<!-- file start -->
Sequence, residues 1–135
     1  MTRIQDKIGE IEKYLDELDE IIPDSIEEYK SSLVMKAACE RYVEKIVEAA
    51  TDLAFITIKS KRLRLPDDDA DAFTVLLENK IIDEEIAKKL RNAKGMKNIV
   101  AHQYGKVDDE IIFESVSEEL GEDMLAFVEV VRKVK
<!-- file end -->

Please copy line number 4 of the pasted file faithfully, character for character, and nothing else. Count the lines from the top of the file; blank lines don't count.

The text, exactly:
   101  AHQYGKVDDE IIFESVSEEL GEDMLAFVEV VRKVK